It was the match no one predicted. It was the match that didn’t matter. It was one of the matches of the year. The second semifinal at the Family Circle Cup in Charleston was one of WTA debutants; not only did Jana Cepelova upset Serena Williams in the second round, but she quickly became the tournament darling when she revealed she was traveling solo, and was connecting with family back home by fist-pumping towards the cameras. On the other side of the net, Bencic was just beginning her breakthrough season after qualifying and upsetting Sara Errani in the quarterfinals. Following a three-set thriller by Eugenie Bouchard and Andrea Petkovic, which aired on ESPN2, this match was cast aside, and pushed off to ESPN3. But these two delivered just as much drama, if not more. While some in the crowd might not have known one (or both) players when they arrived that afternoon, they certainly did by the end of this two hour, 33 minute saga.
4. Serena Williams d. Caroline Wozniacki, 2-6, 6-3, 7-6(4), Singapore SF
If you were Martina Hingis, you might say, “What rivalry? I win all the matches!” But this was the rivalry of the second half of the season, if not the year. It was hard to pick just which of Serena Williams’s four matches against the resurgent Caroline Wozniacki was best. Picking their final encounter in Singapore might be recency bias, but it was the one that hits the all-important trifecta: quality, importance, and drama. A week removed from her oft-discussed New York City Marathon, Wozniacki did some serious endurance training against Maria Sharapova in another three-set epic. From there, she swept the group and was full of confidence against her good friend. The American had been distinctly below her best in a shocking loss to Simona Halep, and was looking to shake off lingering doubts as she stood two matches from a third straight WTA Finals crown. The Dane had her chances, serving for the match and taking an ostensibly insurmountable 4-1 lead in the final set tiebreak. But Williams held firm and held off Wozniacki for the fourth straight match of 2014, parlaying the victory into a happy end of an up-and-down season.
3. Caroline Wozniacki d. Maria Sharapova, 6-4, 2-6, 6-2, US Open 4R
The New York crowd loves a good contrast in styles, almost as much as they love a comeback story. Caroline Wozniacki has a long history with the US Open: it was where she made her first major final, and the first at which she claimed the top seed a year later. It was also the place where her career hit an unmistakable nadir when she bottomed out in the first round two years after that. Everything changed in 2014 for the Dane; looking leaner and gutsier than ever, Wozniacki felt free to play her game, but to the tenth power. In the searing Manhattan heat, she outlasted Sharapova in a grueling marathon of a match, retrieving many would-be winners from the higher-ranked Russian. The crowd was firmly behind the underdog, swooning over every great get, how Wozniacki skillfully turned – in her words – “offense to defense.” The former No. 1 came full circle in Flushing, beating another Russian Roland Garros champ in the fourth round en route to yet another US Open final.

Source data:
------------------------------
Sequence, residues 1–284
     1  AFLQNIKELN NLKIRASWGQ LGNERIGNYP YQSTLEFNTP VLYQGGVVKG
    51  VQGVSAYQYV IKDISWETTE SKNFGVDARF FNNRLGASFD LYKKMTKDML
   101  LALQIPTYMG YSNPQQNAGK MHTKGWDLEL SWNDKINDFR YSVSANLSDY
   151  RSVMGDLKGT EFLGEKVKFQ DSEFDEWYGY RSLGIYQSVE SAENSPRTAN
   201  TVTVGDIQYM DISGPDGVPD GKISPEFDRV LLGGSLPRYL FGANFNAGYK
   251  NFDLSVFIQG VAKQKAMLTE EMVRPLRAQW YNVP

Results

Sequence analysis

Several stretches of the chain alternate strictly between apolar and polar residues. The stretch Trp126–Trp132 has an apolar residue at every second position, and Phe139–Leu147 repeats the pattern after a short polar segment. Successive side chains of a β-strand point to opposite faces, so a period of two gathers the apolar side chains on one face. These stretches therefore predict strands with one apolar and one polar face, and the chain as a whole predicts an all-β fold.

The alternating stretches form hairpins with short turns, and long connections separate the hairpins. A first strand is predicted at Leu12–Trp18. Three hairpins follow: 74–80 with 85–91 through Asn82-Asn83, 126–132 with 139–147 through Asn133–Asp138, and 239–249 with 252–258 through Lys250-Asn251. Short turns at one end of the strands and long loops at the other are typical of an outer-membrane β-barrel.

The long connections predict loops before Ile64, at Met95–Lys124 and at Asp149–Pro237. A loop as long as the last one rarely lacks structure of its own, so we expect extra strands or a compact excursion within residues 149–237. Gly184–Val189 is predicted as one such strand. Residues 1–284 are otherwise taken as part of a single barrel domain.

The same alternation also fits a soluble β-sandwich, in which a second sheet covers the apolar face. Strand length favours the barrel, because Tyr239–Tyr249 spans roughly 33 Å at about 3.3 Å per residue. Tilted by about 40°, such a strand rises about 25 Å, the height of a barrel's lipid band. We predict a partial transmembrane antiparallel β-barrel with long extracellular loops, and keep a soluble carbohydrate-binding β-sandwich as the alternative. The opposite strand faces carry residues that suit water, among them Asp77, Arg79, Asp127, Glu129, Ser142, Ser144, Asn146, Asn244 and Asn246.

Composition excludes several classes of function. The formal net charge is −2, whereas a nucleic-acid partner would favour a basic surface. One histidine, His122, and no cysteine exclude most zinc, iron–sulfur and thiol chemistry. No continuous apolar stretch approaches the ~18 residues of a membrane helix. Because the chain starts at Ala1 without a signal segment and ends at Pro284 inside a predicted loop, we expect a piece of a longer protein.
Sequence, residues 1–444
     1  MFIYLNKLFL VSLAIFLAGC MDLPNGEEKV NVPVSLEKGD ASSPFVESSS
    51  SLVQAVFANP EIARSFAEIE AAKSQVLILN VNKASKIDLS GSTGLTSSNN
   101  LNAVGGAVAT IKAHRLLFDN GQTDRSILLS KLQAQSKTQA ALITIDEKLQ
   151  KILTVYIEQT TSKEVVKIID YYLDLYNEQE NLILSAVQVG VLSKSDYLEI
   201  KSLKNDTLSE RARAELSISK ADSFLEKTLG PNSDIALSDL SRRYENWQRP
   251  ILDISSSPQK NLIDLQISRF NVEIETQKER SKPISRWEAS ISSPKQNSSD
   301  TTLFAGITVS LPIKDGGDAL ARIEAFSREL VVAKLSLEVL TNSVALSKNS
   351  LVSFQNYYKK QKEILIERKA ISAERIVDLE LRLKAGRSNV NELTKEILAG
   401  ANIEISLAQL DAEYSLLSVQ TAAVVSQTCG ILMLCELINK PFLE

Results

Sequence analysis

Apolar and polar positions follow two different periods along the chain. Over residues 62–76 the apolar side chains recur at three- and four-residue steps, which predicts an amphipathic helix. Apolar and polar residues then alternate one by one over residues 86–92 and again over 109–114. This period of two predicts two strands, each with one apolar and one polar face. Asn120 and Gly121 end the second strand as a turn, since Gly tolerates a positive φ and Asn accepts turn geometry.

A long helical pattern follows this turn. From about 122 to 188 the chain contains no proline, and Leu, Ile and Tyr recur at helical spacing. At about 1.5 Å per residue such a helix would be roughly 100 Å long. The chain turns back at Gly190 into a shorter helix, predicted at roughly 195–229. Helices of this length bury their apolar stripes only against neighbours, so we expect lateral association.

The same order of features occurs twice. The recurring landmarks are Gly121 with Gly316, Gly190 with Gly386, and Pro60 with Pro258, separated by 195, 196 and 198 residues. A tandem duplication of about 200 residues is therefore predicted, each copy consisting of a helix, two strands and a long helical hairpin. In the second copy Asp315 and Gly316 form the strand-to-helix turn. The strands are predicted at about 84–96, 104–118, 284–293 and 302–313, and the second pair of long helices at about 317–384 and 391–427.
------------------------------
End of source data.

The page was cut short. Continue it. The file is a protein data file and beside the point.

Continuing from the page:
2. Petra Kvitova d. Venus Williams, 5-7, 7-6(2), 7-5, Wimbledon 3R
The twilight of Venus Williams’ career has been difficult for many to process. Between her illness, injuries, and inconsistencies, a lot of the tennis world is simply happy when the five-time Wimbledon champion shows up. But her match against eventual champion Petra Kvitova did a lot to remind everyone why the former No. 1 still plays tennis – she didn’t need the reminder. For three grueling sets, the American went toe-to-toe with the best grass court player of the next generation, getting within a heartbeat of the upset. For her part, Kvitova also had something to prove; the 2011 champion had been beset by bouts of erratic play that made people doubt that once-undeniable talent. The Championships was just shy of the second week, but Kvitova and Williams conspired to play the women’s match of the tournament, one that spurred the Czech towards her second Wimbledon title.
1. Maria Sharapova d. Simona Halep, 6-4, 6-7(5), 6-4, Roland Garros F
Three set match? Check. Grand Slam final? Check. An all-out war between the two best clay court players of the season? Priceless. After over a decade of underwhelming Roland Garros finals, Maria Sharapova and Simona Halep came to play. Their epic encounter in Madrid turned out to be a mere prologue for the see-saw battle that went down on the terre battue. Each time Sharapova looked the likely winner, Halep would claw her way back, showing little signs of inexperience in what was her first Grand Slam final. With Sharapova moments from a two-set win, Halep took control of her destiny, played at her pace, and rattled the Russian into a final set. Sharapova weathered the storm, and survived two more onslaughts from the Romanian to serve out her fifth major title. If the upsets of the earlier rounds were meant to illustrate everything “wrong” with the women’s game, the final was so, so right.